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MIG-25 Foxbat - History, Technical Characteristics. Fly MiG-25 in RussiaFly MiG-25 as a civilian
However sad it may be but it is no longer possible to fly MiG-25 as a private person anywhere in the world. Until 2005 it was possible for civilians to take a ride on MiG-25 in Russia at Zhukovsky Airbase near Moscow. But these operations have officially been stopped by the Russian Government, though many people still associate the aircraft with high-altitude flights to the edge of space. Please beware of any offers suggesting you fly MiG-25 in Russia from Zhukovsky - this legendary fighter is now stationed at Sokol Aircarft Building Plant.
If you did hope to fly MiG-25 we can offer you a better alternative – supersonic flights to the edge of space (21-25 km) on the newer high-altitude interceptor MiG-31 that replaced 25 series aircraft in the Russian AF. Another option would be our unique programme combining high altitude flight with supersonic aerobatics on MiG-29.
MiG-25 History and Technical Characteristics
The MiG-25 (NATO code “Foxbat”) is a high-altitude supersonic fighter interceptor and reconnaissance aircraft designed by Mikoyan-Gurevich bureau in the Soviet Union. The first prototype was developed in 1964, and the serial production started in early 1970. With a top speed of Mach 3.2, four air-to-air missiles, and a powerful radar it was an advanced fighter of that time. Its development by the Soviet Union stimulated creation of the F-15 Eagle jet.
MiG-25 is the world's first serial fighter to have reached the speed of 3000 km / h. In 1977, test pilot Alexander Fedotov achieved an absolute world altitude record of 37,650 meters on MiG-25, and other 29 world records have been registered with this aircraft. The MiG-25 series were used during the Syrian-Israeli conflict in 1982, the Iran-Iraq war in the 1980-1988 and during the Gulf War in 1991.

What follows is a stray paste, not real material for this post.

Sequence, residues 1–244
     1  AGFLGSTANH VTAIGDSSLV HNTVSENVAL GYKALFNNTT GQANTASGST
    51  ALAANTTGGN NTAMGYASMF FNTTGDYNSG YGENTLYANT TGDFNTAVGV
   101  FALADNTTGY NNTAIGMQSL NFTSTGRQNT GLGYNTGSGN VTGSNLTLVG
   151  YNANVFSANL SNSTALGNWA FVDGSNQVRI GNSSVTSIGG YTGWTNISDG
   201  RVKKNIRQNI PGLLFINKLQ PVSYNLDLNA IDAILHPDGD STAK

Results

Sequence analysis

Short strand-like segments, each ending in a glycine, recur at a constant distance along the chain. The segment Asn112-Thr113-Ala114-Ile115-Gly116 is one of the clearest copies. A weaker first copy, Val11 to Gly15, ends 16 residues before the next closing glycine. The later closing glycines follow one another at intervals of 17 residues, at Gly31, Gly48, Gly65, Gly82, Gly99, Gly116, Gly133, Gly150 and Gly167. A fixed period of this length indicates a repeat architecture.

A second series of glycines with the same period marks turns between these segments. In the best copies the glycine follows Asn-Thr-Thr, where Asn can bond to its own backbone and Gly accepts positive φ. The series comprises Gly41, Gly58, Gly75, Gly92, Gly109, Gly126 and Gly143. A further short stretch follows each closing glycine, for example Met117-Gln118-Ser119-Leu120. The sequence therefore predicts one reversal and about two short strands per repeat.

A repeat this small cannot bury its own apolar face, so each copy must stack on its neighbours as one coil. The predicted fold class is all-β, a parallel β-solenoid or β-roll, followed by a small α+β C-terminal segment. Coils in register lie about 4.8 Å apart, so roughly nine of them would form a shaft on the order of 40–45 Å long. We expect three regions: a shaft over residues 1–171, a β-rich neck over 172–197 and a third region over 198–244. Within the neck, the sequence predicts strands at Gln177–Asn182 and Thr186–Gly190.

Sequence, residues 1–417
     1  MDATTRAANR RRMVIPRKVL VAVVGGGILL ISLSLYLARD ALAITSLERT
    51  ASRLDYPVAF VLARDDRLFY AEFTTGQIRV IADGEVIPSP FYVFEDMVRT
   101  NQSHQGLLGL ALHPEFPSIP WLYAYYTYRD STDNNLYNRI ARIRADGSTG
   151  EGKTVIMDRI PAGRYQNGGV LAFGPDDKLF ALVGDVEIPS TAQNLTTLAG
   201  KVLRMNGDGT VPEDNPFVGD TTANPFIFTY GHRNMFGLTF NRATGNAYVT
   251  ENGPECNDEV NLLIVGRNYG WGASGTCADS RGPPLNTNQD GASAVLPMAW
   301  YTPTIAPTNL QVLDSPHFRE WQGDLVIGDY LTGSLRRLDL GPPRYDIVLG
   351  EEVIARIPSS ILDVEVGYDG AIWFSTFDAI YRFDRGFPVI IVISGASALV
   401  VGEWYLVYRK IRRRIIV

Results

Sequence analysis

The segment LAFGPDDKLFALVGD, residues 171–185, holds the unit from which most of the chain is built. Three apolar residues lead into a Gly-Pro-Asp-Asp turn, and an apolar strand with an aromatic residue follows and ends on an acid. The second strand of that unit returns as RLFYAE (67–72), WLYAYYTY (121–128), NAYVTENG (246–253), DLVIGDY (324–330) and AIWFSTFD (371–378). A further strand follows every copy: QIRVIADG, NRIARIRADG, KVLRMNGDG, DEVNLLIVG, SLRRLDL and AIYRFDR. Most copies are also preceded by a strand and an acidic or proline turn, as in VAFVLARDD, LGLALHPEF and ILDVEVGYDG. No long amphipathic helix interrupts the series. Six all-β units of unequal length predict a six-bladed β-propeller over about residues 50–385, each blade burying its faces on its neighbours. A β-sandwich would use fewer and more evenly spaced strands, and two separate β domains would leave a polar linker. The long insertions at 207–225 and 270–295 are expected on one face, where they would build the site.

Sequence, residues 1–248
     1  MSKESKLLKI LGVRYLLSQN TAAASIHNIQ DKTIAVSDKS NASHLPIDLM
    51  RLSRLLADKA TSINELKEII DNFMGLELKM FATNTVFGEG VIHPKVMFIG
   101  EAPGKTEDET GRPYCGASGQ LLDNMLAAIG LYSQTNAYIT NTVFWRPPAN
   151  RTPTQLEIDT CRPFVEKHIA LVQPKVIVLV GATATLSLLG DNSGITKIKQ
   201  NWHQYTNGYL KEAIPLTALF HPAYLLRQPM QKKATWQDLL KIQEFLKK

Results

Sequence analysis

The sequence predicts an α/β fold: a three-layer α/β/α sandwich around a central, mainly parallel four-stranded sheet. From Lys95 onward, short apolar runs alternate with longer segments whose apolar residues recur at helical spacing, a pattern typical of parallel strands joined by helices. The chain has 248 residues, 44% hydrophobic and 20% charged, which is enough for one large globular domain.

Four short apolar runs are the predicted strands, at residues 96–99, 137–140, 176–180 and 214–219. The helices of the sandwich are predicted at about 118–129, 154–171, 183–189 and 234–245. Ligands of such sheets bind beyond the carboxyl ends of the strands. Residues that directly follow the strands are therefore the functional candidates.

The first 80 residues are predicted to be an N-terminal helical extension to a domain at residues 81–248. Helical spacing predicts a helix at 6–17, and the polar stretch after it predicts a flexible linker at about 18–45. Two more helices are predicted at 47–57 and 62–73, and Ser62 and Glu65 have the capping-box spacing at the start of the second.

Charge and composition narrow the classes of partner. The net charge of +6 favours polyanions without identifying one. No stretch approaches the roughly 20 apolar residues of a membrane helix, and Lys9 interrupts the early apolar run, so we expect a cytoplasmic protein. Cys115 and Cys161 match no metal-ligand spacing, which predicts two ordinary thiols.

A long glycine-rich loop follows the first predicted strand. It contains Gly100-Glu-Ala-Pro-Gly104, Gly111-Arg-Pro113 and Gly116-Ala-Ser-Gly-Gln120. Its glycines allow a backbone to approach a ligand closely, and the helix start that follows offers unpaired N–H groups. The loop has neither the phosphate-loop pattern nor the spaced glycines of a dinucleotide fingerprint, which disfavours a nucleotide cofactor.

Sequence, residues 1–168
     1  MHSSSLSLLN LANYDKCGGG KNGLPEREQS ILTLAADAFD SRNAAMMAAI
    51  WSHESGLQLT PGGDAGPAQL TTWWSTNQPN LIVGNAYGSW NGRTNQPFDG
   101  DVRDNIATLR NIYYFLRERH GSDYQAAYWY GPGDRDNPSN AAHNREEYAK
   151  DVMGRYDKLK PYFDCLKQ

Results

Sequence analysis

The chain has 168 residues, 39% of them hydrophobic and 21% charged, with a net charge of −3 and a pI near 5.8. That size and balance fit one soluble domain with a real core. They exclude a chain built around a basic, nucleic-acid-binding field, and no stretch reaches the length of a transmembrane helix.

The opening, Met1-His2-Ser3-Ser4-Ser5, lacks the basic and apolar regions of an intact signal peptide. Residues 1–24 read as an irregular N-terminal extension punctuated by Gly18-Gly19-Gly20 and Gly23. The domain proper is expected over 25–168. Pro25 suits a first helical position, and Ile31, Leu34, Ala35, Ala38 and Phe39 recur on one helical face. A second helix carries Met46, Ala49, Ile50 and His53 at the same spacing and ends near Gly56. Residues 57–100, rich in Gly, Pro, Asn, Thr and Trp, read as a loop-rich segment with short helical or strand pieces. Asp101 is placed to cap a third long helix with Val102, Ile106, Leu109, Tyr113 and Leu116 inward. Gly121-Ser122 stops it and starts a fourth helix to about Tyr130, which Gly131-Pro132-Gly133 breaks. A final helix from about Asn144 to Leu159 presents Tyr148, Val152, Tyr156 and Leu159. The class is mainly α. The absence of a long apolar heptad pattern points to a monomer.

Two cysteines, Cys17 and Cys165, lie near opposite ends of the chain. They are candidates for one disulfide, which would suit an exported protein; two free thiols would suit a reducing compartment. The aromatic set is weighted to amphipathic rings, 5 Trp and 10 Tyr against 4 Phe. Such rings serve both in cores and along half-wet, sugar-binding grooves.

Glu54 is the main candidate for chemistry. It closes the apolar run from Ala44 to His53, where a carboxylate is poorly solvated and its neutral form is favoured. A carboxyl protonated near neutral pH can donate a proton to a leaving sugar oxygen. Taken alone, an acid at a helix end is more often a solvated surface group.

Mikoyan-Gurevich bureau have designed three prototypes of the aircraft: fighter interceptor Е-155П, high-altitude reconnaissance aircraft Е-155Р and a carrier Е-155Н (not in serial production), all having minor construction differences. The aircraft launch by the Soviet Air Force has substantially decreased American reconnaissance operations performed on Lockheed SR-71A in the Russian North and Far East when the Soviets started to fly MiG-25 in these remote areas.
In 1976 when Viktor Belenko (a Soviet military pilot) defected to Japan, the aircraft technical capabilities were revealed to the West although the aircraft was returned back to the USSR. An urgent decision has been made by the Soviet military to completely redevelop the armament system of the interceptor.
The serial production of MiG-25 interceptor families at Sokol Aircraft Building plant lasted from 1969 to 1982 with 1,190 aircraft built in total. By the end of 1991 there were around 550 MiG-25PD and MiG-25PDS on the territory of the former USSR. The aircraft retired from the Russian Air Force by mid-1990's. A small number of fighters remained in service in a number of CIS countries where they still could fly MiG-25, in particular, the Air Defence of Belarus and Ukraine.
Since 1979, several export versions of the interceptor MiG-25P had been delivered to a number of foreign countries (Iraq, Syria, Algeria, Libya, and India).